the metric used for the detection the comparison between to areas within the same segment of the

signal being analyzed.

Now, I show the results of running my arrhythmia detector for the files n_422, n_424, n_426 and

429. After this, a discussion about the problems of my detector is done.

The output of the detector is a matrix called alarm which list the following information:

First Row

Second Row

Third Row

The sample number of the beginning of the segment

The sample number of the last sample of the segment

alarm =

1

1

1

1

1

1

1

1

1

1

1

1

1

1

1

1

1

1

1

1

1

10001

11251

12501

13751

15001

16251

17501

18751

20001

21251

22501

23751

25001

26251

27501

28751

30001

31251

32501

33751

35001

12500

13750

15000

16250

17500

18750

20000

21250

22500

23750

25000

26250

27500

28750

30000

31250

32500

33750

35000

36250

37500

1

1

1

1

1

1

1

1

1

1

1

1

1

1

1

1

1

1

1

1

1

1

1

36251

37501

38751

40001

41251

42501

48751

50001

52501

53751

55001

56251

57501

58751

62501

63751

65001

66251

67501

68751

70001

71251

72501

38750

40000

41250

42500

43750

45000

51250

52500

55000

56250

57500

58750

60000

61250

65000

66250

67500

68750

70000

71250

72500

73750

75000

alarm =

1

1

1

1

1

1

1

1

1

1

1

1

1

1

1

1

1

1

1

1

1

1

1

1

1251

2501

3751

17501

26251

27501

28751

30001

31251

32501

33751

35001

36251

37501

38751

40001

41251

42501

43751

45001

46251

47501

48751

50001

3750

5000

6250

20000

28750

30000

31250

32500

33750

35000

36250

37500

38750

40000

41250

42500

43750

45000

46250

47500

48750

50000

51250

52500

alarm =

1

1

1

1

1

1

1

1

1

25001

26251

27501

40001

41251

48751

61251

63751

70001

27500

28750

30000

42500

43750

51250

63750

66250

72500

72501

75000

alarm =

1

1

1

27501

62501

63751

30000

65000

66250

alarm =

1

1

5001

58751

7500

61250

Comparing the results with the atr_n4XX.txt files which are diagnosis of the signals contained in

the files n_4XX.bin done by experts, I can conclude that my alarm detector is not often triggered by

noise. We can see this from the results of running the detector in the file n_421.bin which is just the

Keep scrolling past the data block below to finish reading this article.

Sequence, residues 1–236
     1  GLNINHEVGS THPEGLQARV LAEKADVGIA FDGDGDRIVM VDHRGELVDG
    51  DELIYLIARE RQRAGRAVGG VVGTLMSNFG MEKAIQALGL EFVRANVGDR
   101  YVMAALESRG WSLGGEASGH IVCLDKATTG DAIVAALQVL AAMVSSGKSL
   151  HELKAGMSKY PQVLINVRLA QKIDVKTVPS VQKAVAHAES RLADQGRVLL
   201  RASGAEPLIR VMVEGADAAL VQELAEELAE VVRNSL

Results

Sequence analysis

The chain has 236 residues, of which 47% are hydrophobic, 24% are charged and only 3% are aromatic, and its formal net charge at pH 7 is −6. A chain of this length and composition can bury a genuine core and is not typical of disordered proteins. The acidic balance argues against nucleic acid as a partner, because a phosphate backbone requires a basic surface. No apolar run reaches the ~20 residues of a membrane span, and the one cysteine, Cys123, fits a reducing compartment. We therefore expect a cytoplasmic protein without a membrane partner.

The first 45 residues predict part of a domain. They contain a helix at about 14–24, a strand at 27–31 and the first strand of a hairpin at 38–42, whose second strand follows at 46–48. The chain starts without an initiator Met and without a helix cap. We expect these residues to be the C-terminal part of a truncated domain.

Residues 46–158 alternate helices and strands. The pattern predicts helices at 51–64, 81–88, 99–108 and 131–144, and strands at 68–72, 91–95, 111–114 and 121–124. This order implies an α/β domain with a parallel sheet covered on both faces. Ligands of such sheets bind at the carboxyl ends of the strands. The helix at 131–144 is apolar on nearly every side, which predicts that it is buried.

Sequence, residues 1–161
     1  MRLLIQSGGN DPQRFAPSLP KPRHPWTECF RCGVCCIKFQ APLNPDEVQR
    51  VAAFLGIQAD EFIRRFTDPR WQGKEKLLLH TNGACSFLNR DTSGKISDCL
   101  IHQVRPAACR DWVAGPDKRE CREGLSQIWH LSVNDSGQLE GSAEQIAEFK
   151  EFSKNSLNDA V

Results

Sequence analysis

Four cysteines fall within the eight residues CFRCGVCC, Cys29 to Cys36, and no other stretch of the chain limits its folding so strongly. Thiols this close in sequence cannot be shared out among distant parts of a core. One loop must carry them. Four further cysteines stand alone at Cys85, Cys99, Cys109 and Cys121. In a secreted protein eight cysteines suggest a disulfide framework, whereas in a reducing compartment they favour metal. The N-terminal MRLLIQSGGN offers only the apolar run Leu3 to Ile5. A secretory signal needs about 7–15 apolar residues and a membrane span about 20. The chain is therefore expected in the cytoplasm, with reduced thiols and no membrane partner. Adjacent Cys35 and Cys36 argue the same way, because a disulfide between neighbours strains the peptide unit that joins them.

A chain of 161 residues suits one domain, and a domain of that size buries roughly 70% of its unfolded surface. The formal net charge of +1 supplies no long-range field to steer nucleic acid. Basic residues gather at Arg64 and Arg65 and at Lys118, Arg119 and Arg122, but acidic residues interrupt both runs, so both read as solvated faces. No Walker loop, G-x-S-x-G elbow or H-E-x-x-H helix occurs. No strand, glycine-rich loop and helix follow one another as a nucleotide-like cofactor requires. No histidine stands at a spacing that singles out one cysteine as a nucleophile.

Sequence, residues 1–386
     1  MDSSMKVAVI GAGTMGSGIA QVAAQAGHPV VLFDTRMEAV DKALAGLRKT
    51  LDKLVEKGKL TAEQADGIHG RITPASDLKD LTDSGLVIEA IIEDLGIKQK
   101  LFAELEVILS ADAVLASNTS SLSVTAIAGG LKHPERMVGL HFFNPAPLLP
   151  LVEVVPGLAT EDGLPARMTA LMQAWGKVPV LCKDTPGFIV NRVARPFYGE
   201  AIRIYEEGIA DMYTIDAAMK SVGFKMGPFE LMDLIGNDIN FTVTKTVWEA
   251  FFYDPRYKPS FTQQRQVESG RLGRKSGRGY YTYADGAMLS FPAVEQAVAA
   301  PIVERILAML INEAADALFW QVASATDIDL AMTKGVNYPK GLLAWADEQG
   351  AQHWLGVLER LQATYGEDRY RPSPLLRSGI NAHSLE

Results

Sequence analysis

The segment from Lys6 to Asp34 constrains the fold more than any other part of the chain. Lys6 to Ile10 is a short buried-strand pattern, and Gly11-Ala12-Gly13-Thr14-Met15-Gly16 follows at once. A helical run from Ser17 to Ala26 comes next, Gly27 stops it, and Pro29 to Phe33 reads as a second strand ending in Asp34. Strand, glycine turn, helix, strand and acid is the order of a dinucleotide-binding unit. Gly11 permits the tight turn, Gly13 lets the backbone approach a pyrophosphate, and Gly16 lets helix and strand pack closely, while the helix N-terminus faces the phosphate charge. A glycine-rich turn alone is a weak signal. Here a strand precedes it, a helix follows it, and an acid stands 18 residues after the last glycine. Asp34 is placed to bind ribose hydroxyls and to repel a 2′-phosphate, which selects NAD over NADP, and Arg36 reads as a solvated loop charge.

normal sinus signal with noise. We can see that in this file, my detector only turned on the alarm

two times.

We can also see from the results of running the detector in the file n_422, that the detector is often

triggered by the tachycardia. This can be explained looking at the thresholds found by trial and error

in which the ratio value for the tachycardia is really close to the threshold for the arrhythmias.

Fortunately, the detector almost never missed detections and when it missed detections, the alarm

turned on at least one time in the correct segment (segment tagged as arrhythmia by the experts).

Question 11. If you had more time to work in this problem, how would you attempt to

improve the detector?

If I had more time to work in this problem, I would check that when calculating the areas, the range

of area2 is dynamically relocated, so that the area1 is never touching the limits of area2. I will also

add a matching filter. I am sure that using a matching filter could improve the arrhythmia detection.

I would improve the detector so that it could also detect tachycardias. This would be more or less

easy, since I observed ratio values of 0.53-0.54 when the tachycardia is present. I would not only

analyze the signal using the matlab spectrum function, but also, a filterbank. Then, I would compare

both approaches to see which one detect better the arrythmia or probably use the filterbank to

improve the arrhythmia detector.

Question 12. What is the most important thing that you learned from the lab exercise?

I learned a very interesting application of signal processing, and the most important thing, an

application that can save lifes. I learned a lot from matlab, signal processing, the physiology of the

hearth and characteristics of the QRS signal.

Question 13. What did you like/dislike the most about this lab exercise?

At the beginning, I was not familiar with matlab. It took me a lot of time and effort to get familiar

with it. Most of the time spent in this lab was looking at the matlab help and looking how the

commands work in the internet